Lift the hood of the modern car and, instead of the once oily assortment of mechanical, moving parts, you’ll see something that looks more like a large, black computer.
This description is appropriate, as the clicks and clunks of traditional engineering are being replaced by the silent ones and zeroes of digital technology.
The evolution of the automobile has entered a new era. Your daily drive is transforming into a smart device. And, as with other smart devices, speech recognition technology is becoming an everyday part of the in-car experience.
What made the automotive industry take to in-car speech recognition capabilities in such a big way? This is an area where sheer need drove the innovation, rather than just the ability to market a new concept or device to tech-hungry consumers.
Let’s look at the past, present, and future of in-car speech recognition technology.
Why In-Car Speech Recognition?
Many advancements in speech recognition have been driven by the need to keep the public safe while still acknowledging a device-dependent culture. That’s especially true when it comes to vehicles.
Whether it’s a text message or using Google Maps, the impulse to take our eyes off the road has become second nature. In-car speech recognition systems have become an almost standard feature in all many new vehicles on the market today.
But even though safe driving behaviors (and in many places, the law) requires us to ignore the constant phone calls, emails, and text messages while behind the wheel, that kind of disconnectedness isn’t quite the reality.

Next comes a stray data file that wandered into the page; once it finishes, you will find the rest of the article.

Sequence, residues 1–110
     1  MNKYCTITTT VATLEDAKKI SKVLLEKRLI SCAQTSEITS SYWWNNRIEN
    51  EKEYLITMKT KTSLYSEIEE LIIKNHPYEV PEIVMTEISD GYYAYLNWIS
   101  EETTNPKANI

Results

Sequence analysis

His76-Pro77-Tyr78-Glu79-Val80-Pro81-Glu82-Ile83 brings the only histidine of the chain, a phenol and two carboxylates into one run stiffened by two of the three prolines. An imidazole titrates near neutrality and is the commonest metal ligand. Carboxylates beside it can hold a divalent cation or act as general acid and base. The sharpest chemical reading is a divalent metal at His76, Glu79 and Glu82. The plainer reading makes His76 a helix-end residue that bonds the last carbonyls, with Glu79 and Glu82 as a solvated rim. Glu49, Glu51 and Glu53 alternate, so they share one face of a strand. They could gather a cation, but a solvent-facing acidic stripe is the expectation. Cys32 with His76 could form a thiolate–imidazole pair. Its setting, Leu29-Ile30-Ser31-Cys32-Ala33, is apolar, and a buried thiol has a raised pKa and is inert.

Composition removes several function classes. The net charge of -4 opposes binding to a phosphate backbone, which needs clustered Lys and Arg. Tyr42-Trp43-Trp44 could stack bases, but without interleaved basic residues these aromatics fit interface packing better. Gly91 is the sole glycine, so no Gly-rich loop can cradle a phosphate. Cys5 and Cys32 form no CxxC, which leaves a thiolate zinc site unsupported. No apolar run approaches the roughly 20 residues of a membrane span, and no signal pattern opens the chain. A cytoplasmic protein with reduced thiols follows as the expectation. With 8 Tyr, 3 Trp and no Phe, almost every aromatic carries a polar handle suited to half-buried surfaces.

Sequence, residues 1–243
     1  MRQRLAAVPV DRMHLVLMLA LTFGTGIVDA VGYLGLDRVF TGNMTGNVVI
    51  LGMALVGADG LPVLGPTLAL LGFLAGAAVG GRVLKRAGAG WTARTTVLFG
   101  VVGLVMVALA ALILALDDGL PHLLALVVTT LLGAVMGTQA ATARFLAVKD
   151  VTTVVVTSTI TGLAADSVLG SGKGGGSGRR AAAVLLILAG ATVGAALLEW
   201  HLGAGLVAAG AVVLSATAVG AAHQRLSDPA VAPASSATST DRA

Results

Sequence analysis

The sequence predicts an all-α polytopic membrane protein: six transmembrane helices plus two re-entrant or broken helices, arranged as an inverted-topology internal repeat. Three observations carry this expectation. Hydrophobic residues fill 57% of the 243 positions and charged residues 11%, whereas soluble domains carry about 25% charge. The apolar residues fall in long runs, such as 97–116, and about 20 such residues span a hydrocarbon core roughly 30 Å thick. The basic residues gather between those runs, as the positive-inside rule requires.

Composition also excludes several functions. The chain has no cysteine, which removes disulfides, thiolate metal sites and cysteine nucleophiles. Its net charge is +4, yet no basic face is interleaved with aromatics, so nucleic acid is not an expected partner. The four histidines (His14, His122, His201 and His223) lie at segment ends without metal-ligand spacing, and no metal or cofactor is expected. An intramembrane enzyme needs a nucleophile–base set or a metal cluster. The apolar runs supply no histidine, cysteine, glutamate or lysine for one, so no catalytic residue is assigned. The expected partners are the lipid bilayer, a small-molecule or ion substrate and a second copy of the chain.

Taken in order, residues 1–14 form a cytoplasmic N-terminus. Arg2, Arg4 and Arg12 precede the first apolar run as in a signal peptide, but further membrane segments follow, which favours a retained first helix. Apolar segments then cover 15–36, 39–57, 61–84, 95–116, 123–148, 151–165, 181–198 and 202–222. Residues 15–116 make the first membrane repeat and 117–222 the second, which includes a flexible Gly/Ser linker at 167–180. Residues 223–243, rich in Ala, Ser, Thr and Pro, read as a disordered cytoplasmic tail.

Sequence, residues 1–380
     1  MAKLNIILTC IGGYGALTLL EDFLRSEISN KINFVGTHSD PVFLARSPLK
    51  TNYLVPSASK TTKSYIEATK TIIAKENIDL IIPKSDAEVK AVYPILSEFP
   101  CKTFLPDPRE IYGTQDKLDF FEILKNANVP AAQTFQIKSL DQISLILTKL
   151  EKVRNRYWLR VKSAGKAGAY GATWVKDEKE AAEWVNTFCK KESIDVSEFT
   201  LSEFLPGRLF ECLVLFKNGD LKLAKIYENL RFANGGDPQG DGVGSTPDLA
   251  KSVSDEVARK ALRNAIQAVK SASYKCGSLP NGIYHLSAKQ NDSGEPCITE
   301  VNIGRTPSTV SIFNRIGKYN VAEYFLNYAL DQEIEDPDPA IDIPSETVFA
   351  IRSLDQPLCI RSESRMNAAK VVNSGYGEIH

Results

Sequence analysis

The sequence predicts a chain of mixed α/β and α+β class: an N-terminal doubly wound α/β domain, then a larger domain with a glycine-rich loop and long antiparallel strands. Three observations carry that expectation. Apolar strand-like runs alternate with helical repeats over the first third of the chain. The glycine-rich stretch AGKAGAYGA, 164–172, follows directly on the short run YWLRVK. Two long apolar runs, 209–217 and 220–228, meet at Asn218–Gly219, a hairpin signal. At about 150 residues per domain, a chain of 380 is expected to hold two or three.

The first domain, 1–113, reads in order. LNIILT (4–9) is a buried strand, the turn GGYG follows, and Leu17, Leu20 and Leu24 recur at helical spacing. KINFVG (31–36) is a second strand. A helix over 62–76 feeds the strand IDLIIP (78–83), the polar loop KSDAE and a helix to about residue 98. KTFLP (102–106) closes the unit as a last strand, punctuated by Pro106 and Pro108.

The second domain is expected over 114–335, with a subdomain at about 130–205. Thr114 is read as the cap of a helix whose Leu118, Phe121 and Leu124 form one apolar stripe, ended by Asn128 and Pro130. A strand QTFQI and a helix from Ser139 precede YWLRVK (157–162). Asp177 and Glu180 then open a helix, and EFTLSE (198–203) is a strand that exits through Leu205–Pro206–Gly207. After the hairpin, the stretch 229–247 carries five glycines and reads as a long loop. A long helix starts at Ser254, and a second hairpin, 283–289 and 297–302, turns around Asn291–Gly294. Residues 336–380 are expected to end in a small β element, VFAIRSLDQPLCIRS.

In-car speech recognition systems aim to remove the distraction of looking down at your mobile phone while you drive. Instead, a heads-up display allows drivers to keep their eyes on the road and their mind on safety.
A recent report published by the UK’s Transport Research Laboratory (TRL) shows that driver distraction levels are much lower when using voice activated systems compared to touch screens.
However, the study recommends that further research is necessary to drive home the use of spoken instructions as the safest method for future in-car control.
Still, it’s a move in the right direction.
How Can In-Car Speech Recognition Help?
The specifics of what can be controlled by speech depends on the car.
The typical selection of voice-controlled features is grouped into three categories: basic, intermediate, and advanced.
- The basic voice-activated provision is centered around the car’s media and entertainment system. Drivers can use their voice to switch stations, adjust volume, skip tracks, and so on.
- Intermediate systems allow the driver to, on top of the basic functionalities, make and receive telephone calls, program the GPS, and adjust the air-conditioning.
- More advanced technology incorporates an internet connection, which facilitates spoken web browsing and the use of apps.
- The ultimate form will be achieved with autonomous cars.
At the advanced level, for example, a driver may ask for directions, book a restaurant, and locate a parking space without taking their eyes off the road or their hands off the wheel.
If inspiration strikes, they can call up a notes app and dictate their thoughts. Then, they can request a weather update and have their text messages read out to them. Eventually, they’ll be able to request a show on their favorite streaming service.
In-Car Speech Recognition Applications
Understanding the need for why it came about, here are some of the most popular systems that enable drivers to find directions, send emails, make phone calls, and play music, all by using the sound of their voice.